Crazy censorship fails to hide China’s big meltdown

Property crisis fallout has wiped out $6 trillion from the market value of Chinese and Hong Kong stocks 

China’s crazy censorship clampdown has failed to cover up the country’s economic turmoil.

Fallout from the property meltdown has wiped out more than US$6 trillion from the market value of Chinese and Hong Kong stocks in the past three years.

No amount of spin can hide the colossal challenges facing President Xi Jinping’s regime.

“China’s equity market has more than 200 million retail investors,” Bloomberg’s Next China newsletter reported earlier this week.

“Many have traditionally looked to stocks and the property market as ways to grow their money amid rock-bottom savings rates – only to find their wealth shrinking,” it said.

And the bad news keeps coming:

  • On Wednesday, manufacturing activity shrank for the fourth straight month in January.
  • The official purchasing managers’ index or PMI came in at 49.2.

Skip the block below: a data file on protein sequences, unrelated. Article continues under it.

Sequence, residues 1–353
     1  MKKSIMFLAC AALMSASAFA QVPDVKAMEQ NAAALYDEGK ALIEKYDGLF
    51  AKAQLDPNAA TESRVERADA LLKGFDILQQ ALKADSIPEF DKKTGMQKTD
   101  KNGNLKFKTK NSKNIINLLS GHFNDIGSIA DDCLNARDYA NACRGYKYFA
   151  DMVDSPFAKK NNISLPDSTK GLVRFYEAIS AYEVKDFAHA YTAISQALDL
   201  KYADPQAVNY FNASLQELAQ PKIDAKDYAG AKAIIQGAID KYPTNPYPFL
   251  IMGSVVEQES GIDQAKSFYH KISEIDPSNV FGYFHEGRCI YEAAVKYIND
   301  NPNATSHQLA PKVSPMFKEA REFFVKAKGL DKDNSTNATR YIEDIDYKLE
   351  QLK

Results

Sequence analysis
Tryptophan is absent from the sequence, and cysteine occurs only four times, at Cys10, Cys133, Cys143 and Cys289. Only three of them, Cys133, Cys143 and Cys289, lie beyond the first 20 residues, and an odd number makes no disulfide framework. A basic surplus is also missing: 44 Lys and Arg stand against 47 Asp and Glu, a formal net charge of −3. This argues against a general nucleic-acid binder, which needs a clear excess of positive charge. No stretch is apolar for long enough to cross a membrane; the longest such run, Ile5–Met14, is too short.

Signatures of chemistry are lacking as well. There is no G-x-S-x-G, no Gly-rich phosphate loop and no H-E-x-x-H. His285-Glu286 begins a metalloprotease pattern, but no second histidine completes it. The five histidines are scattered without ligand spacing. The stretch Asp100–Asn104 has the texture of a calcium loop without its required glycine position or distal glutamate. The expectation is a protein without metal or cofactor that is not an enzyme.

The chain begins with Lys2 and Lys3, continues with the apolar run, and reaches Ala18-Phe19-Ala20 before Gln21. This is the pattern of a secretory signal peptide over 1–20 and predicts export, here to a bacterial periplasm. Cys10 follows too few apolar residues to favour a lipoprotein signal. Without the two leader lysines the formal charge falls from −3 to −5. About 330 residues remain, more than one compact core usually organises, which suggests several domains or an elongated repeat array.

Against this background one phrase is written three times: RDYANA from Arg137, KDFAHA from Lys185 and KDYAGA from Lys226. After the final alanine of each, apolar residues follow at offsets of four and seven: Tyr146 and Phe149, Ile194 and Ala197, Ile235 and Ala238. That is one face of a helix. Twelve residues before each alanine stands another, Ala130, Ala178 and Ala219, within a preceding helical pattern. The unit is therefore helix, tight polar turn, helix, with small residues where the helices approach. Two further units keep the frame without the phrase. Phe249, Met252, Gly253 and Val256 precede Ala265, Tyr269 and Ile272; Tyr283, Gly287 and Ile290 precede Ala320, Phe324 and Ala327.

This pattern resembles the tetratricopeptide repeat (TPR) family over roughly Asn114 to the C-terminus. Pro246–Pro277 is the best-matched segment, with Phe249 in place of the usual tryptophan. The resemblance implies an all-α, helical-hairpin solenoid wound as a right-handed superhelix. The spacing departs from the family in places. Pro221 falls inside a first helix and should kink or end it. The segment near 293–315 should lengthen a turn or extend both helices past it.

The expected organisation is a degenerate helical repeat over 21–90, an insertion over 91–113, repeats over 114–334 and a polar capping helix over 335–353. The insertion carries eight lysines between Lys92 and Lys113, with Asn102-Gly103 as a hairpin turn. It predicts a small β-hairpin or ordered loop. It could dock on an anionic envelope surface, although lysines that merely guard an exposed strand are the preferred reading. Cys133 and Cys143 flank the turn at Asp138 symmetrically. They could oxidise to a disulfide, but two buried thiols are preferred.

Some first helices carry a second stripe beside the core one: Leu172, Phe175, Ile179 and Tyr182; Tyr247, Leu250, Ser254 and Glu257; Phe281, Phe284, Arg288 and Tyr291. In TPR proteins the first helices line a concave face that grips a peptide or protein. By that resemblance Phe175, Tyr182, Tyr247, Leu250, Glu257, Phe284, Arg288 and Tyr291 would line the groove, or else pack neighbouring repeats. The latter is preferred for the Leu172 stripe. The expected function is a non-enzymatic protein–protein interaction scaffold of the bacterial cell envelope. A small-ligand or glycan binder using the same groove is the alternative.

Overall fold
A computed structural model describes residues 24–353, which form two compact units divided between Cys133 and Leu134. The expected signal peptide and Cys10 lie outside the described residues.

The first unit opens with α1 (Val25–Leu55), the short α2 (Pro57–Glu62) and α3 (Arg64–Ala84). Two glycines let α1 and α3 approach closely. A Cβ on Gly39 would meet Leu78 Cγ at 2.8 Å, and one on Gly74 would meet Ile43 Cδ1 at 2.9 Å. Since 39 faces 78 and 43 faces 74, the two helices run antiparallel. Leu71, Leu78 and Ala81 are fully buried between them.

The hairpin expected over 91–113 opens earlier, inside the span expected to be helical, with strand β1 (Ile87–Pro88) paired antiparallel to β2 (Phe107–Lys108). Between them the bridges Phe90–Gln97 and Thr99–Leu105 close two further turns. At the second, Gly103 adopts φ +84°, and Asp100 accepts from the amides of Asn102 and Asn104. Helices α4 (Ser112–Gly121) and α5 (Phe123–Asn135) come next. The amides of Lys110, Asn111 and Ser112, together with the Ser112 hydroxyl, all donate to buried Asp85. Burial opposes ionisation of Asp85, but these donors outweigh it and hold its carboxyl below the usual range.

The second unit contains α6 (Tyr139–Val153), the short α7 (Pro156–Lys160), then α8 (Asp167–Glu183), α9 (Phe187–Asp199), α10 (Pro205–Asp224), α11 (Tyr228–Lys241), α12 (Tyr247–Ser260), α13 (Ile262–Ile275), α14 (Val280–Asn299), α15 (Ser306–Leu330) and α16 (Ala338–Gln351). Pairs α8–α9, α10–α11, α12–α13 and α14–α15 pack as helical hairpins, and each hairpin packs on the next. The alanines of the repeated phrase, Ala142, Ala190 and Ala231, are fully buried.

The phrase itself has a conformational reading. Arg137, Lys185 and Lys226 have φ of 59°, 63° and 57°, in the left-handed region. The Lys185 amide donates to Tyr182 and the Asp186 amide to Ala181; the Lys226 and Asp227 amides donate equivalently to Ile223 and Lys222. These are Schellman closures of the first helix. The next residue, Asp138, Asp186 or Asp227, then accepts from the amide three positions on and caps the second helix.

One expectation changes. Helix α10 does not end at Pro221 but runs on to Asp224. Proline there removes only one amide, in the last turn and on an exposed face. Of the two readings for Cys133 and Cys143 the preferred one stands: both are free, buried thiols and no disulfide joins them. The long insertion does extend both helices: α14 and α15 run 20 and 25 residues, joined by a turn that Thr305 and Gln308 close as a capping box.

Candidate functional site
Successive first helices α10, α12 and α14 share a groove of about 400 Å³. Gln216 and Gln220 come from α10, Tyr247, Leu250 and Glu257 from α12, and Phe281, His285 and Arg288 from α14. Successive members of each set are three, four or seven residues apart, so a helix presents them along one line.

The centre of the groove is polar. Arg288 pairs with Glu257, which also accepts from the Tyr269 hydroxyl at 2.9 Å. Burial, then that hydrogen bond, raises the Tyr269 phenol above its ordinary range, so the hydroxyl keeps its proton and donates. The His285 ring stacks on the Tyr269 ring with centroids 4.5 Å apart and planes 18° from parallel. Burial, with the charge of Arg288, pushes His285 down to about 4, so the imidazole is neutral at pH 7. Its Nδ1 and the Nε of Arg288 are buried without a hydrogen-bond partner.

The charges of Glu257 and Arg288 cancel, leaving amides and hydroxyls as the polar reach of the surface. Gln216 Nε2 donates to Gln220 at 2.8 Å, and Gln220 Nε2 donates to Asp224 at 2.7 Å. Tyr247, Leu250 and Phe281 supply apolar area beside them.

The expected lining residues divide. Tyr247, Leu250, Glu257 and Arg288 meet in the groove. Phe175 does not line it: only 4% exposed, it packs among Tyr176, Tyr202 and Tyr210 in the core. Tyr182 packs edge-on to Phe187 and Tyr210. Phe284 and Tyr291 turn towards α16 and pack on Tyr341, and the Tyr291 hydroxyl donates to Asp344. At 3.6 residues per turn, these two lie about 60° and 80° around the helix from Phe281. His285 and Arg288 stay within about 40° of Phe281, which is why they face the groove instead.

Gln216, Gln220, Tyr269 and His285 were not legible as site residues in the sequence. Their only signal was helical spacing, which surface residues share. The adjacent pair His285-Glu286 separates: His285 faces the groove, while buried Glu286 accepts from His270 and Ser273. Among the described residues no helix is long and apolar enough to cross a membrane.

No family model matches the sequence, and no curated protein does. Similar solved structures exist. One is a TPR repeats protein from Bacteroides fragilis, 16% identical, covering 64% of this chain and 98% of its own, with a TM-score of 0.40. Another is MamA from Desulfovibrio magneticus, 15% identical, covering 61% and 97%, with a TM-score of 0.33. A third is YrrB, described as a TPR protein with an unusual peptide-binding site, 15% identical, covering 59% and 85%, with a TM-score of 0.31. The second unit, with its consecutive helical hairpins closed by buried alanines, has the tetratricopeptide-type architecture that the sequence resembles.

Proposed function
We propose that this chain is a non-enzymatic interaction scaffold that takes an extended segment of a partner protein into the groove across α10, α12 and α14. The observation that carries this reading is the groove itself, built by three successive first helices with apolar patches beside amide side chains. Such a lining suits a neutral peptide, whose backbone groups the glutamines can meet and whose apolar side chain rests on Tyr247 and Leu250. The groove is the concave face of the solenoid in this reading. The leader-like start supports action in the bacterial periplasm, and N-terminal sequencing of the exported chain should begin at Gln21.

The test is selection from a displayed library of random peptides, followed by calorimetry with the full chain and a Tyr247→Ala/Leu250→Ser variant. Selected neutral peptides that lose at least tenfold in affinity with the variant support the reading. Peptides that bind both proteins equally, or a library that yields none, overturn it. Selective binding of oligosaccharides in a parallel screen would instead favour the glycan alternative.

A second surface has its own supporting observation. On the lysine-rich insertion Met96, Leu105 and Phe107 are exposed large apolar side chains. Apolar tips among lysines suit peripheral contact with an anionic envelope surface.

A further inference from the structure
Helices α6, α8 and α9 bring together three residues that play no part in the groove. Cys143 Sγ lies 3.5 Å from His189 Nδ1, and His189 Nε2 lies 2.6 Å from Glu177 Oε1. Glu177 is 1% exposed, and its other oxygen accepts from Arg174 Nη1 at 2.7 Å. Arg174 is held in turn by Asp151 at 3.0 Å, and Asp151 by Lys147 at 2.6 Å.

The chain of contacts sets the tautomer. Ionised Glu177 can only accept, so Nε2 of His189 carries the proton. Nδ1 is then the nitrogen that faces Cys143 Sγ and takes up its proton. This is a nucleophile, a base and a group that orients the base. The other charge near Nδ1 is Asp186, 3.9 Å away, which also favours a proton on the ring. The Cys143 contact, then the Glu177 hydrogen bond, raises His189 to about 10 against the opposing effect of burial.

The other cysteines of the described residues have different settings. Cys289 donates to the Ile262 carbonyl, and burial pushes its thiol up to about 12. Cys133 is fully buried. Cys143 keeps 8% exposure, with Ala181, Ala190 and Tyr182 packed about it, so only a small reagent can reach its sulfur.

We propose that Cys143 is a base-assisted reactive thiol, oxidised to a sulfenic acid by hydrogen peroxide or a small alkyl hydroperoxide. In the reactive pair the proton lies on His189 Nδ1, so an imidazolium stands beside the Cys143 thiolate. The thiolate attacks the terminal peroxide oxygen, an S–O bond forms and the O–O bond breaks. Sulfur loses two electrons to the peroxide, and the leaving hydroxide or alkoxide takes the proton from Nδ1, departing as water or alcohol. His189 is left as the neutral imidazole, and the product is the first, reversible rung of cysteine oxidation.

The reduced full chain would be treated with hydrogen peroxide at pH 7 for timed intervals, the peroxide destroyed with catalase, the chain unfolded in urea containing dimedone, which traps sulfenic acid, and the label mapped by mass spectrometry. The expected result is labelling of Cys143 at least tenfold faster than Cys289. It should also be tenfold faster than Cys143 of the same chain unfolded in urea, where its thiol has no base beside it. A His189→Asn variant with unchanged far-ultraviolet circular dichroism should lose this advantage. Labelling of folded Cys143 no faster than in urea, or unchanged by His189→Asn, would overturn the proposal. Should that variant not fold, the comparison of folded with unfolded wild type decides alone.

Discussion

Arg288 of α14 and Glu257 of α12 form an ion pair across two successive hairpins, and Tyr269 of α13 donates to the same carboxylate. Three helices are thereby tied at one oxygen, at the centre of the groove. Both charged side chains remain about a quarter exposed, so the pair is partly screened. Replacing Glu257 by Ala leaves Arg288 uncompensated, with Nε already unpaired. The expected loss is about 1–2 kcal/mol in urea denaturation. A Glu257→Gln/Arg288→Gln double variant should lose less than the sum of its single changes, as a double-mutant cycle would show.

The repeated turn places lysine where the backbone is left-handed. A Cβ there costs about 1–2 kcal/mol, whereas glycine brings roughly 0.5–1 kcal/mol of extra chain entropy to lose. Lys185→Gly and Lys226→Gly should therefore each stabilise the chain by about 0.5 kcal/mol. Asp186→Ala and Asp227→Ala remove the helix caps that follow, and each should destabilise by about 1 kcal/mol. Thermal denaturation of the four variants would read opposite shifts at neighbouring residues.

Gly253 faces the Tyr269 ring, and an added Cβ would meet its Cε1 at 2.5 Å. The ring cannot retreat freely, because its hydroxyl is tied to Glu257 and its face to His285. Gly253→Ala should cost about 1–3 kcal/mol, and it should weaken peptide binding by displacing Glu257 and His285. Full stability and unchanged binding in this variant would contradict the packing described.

• It was below the 50-mark separating growth from contraction.
  • And yet another sign that China’s manufacturing juggernaut is stalling.

There are more vacant apartments than even its 1.4 billion people could fill.


Delve deeper: On Monday, Chinese real estate giant Evergrande went into liquidation after racking up at least $300 billion of debt. The crisis unfolded in 2021 and has since spread across the entire property sector.

Between the lines: Evergrande was once “a pillar of China’s economy.” Up to 90% of Chinese household wealth is tied up in real estate. It also makes up around 30% of gross domestic product or GDP.

Why this matters: China’s crumbling property market risks popping a debt bubble that has floated out of control for more than two decades.

Big picture: “As one former official put it last year, there are more vacant apartments in China than even its 1.4 billion people could fill,” Foreign Policy’s China Brief revealed.

What they are saying: “[Yet talking] about the problem could get people into trouble … [because of] the relationship between censorship and other forms of state control,” the newsletter reported.

China Factor comment: Matthew Henderson, an independent Asia expert, summed up the mood perfectly in the London-based Daily Telegraph when he warned that “public resentment and disaffection with the” ruling Communist Party “is on the rise.”